Dairy Farmers Miss Out In Trump’s $12 Billion Federal Aid Package

Aug 28, 2018

This week at a press conference in Washington D.C., the U.S. Department of Agriculture revealed details of their federal aid package meant to assist farmers caught in the crosshairs of Trump’s global trade war.

$4.7 billion will be distributed to farmers in the first round of aid as part of a plan originally announced by the administration in July. At that time $12 billion in aid was promised to farmers who had been directly impacted by retaliatory tariffs with China, Mexico and Canada.  

Soybean farmers, who have been hit especially hard by tariffs from their top customer—China—will receive the bulk of the aid in this first round: $3.7 billion in direct payments. Meanwhile, producers of corn, wheat, cotton and hogs will see far less. The nation’s dairy farmers, a major Colorado industry, will see only a fraction of those dollars: about one cent per gallon, or a total of $127 million.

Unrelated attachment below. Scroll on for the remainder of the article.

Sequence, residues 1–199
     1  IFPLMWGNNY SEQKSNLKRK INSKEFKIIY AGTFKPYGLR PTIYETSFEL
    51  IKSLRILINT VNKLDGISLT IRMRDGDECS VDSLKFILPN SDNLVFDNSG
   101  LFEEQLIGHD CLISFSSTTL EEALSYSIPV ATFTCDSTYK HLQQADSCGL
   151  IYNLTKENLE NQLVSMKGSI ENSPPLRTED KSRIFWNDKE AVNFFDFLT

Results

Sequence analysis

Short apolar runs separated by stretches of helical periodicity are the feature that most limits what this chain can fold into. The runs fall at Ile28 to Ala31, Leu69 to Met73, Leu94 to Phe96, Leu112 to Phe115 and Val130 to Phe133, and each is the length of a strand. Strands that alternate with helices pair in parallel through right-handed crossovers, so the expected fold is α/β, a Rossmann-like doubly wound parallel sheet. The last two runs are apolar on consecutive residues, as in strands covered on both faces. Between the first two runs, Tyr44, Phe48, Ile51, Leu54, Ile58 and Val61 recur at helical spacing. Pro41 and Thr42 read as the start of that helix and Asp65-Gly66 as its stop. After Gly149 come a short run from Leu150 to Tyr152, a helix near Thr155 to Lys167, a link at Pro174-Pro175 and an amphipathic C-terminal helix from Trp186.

According to estimates by the National Milk Producers Federation, a trade association that lobbies for the interests of American dairies, this amount covers just ten percent of the total economic damage inflicted on their industry by the trade war.

Spokesperson Chris Galen says they’re not implying that other farmers don’t need or deserve the aid.

“We’re all hurting, we’ve all been negatively impacted here,” he said. “It’s just that the dairy slice of the pie is a pretty small slice.”   

According to the Nasdaq composite milk prices started out low this year. That has a lot to do with competition from milk producers in other countries. But just as milk prices started to climb early this summer, China and Mexico announced tariffs on dairy products and prices fell.

For their part, many soybean farmers maintain they’d prefer “free trade over aid.”

In a statement the president of the Soybean Farmers Association, John Heisdorffer, applauded Trump, saying “this will provide a real shot in the arm for our growers, who have seen soybean prices fall by about $2.00 per bushel, or 20 percent.”

But he urged “we must remain focused on market opportunities in the long term.”